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Indian-origin boy wins ‘The Great Australian Spelling Bee’

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By NewsGram Staff Writer

Sydney: According to media reports, on Wednesday, a nine-year-old Indian-origin boy won the first edition of ‘The Great Australian Spelling Bee’ contest.

Herald Sun newspaper reported that the boy, Anirudh Kathirvel won the competition on September 7 after he correctly spelled words such as exorbitant, continuum, Guernsey, ricochet and camaraderie.

Kathirvel beat his five opponents Harpit, Harrison, Marko, Mica and Grace to bag the title and won 50,000 Australian dollars (Rs 23.5 lakhs) as education scholarship.

source: reuters
source: reuters

While another Indian-origin participant Harpit, and Marko were knocked out in the first challenge, Speed Spell- a fast-paced spelling bee, Harrison and Mica lost the second round. Kathirvel and Grace moved to the final round.

After a close fight, Kathirvel emerged as the winner as Grace stumbled on the word ‘ratatouille’.

“I need to rub my eyes and see if this is a dream! Rub, rub, rub – nope!” Kathirvel exclaimed.

“He is a very down-to-earth boy,” Kathirvel’s mother Sujatha said, adding: “All the children on the show were very supportive of each other even though they were competing. They have become good friends.”

Kathirvel considers Albert Einstein as his hero and he dubbed the competition as “nerve-racking”.

“I was nervous at first but I knew that nervousness would only make me let myself down, so I pushed it away,” he said.

 

(With inputs from IANS)

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Trauma in Childhood is Linked to Negative Outcomes in Adulthood

"The participants who felt more optimistic or in control of their lives may have been better at waking up with pain but somehow managing not to let it ruin their day.

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The findings, published in the Journal of Behavioural Medicine, suggested that experiencing trauma or adversity in childhood or adolescence was linked with mood or sleep problems in adulthood.
A Child in pain, Pixabay

Do you want your children to be happy when they grow up? If yes, then you have to make sure that they are not experiencing any kind of trauma as a child. A new study, including an Indian-origin researcher, suggests that childhood trauma or adversity may trigger physical pain in adulthood.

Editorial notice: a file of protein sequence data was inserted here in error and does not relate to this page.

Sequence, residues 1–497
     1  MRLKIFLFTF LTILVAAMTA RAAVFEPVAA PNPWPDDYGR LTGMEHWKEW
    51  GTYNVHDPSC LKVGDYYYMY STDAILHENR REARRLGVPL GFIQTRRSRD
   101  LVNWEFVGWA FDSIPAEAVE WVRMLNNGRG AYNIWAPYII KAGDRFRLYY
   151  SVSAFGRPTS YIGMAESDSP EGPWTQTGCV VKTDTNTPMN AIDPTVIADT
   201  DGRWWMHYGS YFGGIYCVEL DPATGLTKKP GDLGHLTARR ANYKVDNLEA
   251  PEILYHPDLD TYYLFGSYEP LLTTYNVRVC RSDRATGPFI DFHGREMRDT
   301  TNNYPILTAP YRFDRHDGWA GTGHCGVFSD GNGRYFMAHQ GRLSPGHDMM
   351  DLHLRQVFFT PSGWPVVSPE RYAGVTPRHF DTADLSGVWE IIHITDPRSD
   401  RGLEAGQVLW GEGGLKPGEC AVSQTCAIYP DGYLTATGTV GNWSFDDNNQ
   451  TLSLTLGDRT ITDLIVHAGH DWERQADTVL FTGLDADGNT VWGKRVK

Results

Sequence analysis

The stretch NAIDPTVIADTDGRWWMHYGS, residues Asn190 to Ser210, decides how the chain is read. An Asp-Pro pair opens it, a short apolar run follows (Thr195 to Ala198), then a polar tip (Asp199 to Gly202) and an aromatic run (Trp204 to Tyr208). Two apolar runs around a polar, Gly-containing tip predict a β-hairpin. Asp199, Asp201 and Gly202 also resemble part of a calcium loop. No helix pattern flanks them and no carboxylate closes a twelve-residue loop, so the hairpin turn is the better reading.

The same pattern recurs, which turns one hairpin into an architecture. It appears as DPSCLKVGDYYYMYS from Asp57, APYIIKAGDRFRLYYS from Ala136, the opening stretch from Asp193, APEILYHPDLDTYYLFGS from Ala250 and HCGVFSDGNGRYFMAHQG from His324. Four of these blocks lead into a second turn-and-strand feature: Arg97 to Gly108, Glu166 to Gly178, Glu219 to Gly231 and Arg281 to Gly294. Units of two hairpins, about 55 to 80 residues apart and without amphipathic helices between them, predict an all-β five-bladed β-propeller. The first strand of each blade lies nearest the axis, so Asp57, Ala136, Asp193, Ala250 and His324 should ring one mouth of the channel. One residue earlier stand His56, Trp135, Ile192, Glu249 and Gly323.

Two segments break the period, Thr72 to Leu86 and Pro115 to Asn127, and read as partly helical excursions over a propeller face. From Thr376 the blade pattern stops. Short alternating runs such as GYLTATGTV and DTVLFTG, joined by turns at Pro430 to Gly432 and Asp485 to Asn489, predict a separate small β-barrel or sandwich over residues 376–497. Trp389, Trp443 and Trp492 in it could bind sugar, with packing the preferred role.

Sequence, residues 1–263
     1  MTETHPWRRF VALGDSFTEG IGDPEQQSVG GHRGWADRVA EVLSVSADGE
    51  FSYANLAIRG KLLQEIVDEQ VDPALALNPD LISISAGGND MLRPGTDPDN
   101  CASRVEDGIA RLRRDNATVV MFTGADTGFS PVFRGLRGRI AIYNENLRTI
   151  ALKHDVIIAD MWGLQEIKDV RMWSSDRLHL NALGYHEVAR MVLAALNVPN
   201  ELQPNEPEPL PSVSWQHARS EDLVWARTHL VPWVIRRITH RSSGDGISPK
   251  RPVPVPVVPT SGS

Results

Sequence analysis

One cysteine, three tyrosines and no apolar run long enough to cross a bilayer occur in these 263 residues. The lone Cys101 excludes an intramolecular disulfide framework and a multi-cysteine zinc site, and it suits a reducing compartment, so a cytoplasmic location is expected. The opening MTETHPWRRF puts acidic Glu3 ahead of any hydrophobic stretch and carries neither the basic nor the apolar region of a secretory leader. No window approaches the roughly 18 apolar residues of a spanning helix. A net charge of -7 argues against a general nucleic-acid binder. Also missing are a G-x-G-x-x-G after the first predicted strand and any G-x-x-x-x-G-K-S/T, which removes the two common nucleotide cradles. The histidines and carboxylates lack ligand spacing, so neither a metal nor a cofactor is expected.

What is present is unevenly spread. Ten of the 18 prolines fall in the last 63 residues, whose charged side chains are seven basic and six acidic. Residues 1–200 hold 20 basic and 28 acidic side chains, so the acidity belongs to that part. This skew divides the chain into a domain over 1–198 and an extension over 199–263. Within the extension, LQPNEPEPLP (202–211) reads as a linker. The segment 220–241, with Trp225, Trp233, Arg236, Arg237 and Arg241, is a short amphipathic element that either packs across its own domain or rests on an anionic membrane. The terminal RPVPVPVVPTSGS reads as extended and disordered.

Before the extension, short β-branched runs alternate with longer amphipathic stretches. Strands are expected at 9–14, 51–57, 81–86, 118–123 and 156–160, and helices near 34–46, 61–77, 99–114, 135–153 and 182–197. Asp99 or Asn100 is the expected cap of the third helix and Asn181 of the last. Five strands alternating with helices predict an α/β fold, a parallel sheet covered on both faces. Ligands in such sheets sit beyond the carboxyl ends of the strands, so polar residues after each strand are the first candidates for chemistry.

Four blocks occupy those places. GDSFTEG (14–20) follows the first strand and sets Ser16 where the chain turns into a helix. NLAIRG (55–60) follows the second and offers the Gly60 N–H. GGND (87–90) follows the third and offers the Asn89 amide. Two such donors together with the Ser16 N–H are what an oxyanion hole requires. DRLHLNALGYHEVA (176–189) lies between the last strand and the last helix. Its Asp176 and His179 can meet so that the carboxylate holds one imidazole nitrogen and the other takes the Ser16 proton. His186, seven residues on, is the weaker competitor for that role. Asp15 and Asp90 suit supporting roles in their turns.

The findings, published in the Journal of Behavioural Medicine, suggested that experiencing trauma or adversity in childhood or adolescence was linked with mood or sleep problems in adulthood.

“The findings suggest that early life trauma is leading to adults having more problems with mood and sleep, which in turn lead to them feeling more pain and feeling like pain is interfering with their day,” said co-author Ambika Mathur from the Pennsylvania State University.

But the connection was weaker in those who felt more optimistic and in control of their lives, the researcher said.

“The participants who felt more optimistic or in control of their lives may have been better at waking up with pain but somehow managing not to let it ruin their day.

“They may be feeling the same amount or intensity of pain, but they’ve taken control of and are optimistic about not letting the pain interfere with their day,” Mathur added.

The findings, published in the Journal of Behavioural Medicine, suggested that experiencing trauma or adversity in childhood or adolescence was linked with mood or sleep problems in adulthood.
Childhood Trauma can lead to pain in Adulthood, Pixabay

The findings build on previous research that suggests a link between adult physical pain and early-in-life trauma or adversity, which can include abuse or neglect, major illness, financial issues, or loss of a parent, among others, the researcher said.

For the current study, researchers recruited a diverse group of 265 participants who reported some form of adversity in their early lives.

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They answered questions about their early childhood or adolescent adversity, current mood, sleep disturbances, optimism, how in control of their lives they feel, and if they recently felt pain.

The researchers also looked at how optimism or feeling in control could affect how much pain a person experiences.

They found that while participants who showed these forms of resilience didn’t have as strong a connection between trouble sleeping and pain interfering with their day, the resilience didn’t affect the intensity of pain. (IANS)

 

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